§ 98. Sir C. Edwards
asked the Secretary of State for War why houses requisitioned for the accommodation of British soldiers and their families in Germany are charged at a higher rent than that paid by the Government to the Germans so that a 73W profit is made on the letting of these houses; whether he has considered complaints about this from men living in these premises; and what he proposes to do about it.
§ Mr. J. Freeman
Standard charges are made for married quarters at rates appropriate to the type of quarter: they are applicable at home and abroad. In Germany, where families are housed in houses or flats, every endeavour is made to allot accommodation equivalent to the standard type of quarter for which the charges were fixed. Rent is not paid by His Majesty's Government, the accommodation needed being provided by Germany as part of the cost of occupation. The system of flat rate charges has obvious advantages. The charges have been assessed on a reasonable basis and I am not aware of any complaints.
§ Sir E. Graham-Little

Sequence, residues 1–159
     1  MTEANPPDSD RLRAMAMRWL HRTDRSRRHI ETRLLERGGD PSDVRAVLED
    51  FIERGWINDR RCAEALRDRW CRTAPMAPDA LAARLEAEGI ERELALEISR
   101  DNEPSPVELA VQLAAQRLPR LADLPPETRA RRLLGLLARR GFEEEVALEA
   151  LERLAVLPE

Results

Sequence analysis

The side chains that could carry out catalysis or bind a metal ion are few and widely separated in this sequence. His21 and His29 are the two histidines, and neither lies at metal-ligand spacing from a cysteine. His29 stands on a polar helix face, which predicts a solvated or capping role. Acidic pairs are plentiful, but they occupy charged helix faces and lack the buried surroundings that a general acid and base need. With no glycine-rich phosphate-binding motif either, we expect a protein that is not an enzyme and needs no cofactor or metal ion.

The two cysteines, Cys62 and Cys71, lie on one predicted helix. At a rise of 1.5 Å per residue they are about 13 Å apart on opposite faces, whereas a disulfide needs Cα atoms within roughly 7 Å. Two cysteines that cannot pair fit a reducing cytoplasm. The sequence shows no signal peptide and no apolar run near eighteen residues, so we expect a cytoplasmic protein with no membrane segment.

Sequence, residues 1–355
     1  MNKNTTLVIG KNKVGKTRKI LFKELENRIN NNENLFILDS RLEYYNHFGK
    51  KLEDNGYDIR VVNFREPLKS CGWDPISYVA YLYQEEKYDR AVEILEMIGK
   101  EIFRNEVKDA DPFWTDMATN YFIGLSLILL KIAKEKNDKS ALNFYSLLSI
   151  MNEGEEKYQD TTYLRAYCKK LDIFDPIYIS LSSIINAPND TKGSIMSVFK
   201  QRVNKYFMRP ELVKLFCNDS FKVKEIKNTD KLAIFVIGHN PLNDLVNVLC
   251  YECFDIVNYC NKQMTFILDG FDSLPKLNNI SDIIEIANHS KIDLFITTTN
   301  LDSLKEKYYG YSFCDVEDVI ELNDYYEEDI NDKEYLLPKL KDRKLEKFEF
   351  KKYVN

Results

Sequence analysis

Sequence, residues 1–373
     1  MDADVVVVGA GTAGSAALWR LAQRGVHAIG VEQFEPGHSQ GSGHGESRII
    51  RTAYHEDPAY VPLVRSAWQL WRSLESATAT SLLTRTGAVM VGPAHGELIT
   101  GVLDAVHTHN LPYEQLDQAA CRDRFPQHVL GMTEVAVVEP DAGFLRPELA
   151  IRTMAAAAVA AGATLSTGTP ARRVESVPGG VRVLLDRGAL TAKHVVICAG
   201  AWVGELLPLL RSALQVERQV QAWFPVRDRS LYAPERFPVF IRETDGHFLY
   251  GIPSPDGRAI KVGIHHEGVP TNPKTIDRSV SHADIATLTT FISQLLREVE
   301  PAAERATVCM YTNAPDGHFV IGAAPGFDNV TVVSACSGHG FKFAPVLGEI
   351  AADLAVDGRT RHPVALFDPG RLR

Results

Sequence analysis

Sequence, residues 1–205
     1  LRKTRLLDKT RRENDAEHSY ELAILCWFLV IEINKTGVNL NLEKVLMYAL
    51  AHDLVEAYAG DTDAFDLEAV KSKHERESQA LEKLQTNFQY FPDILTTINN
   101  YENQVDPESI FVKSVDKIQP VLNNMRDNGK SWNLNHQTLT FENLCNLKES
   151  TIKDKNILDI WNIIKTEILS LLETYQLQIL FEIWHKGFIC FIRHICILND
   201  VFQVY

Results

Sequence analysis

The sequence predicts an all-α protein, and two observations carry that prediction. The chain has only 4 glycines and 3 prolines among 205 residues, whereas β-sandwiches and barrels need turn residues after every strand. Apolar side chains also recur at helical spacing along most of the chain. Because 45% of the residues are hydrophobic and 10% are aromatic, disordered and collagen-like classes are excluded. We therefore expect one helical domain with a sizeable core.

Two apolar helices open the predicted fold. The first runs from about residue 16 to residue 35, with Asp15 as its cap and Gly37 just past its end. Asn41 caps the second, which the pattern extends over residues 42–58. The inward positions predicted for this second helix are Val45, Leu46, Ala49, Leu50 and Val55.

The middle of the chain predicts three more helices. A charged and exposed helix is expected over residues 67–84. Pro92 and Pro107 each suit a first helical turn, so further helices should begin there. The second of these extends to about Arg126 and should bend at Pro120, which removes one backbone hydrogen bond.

asked the Chancellor of the Duchy of Lancaster from what source the 840 British teachers are drawn who are to be sent to Germany; whether the salaries of these teachers are regulated by the Burnham Scales; what has been the principle of their selection; and have the teachers' associations been consulted in that selection.
§ Mr. J. Hynd
The teaching posts in the British families' education service in Germany, which are expected to number less than 350, not 840, have been advertised in the educational Press, and applicants are selected by reference to qualifications and teaching experience combined with personal suitability for the special conditions obtaining in Germany. The salaries have due regard to the Burnham Scales The whole arrangements have been made in close collaboration with the Ministry of Education; and informal contact has been made on the general questions with the National Union of Teachers, who have given full cooperation.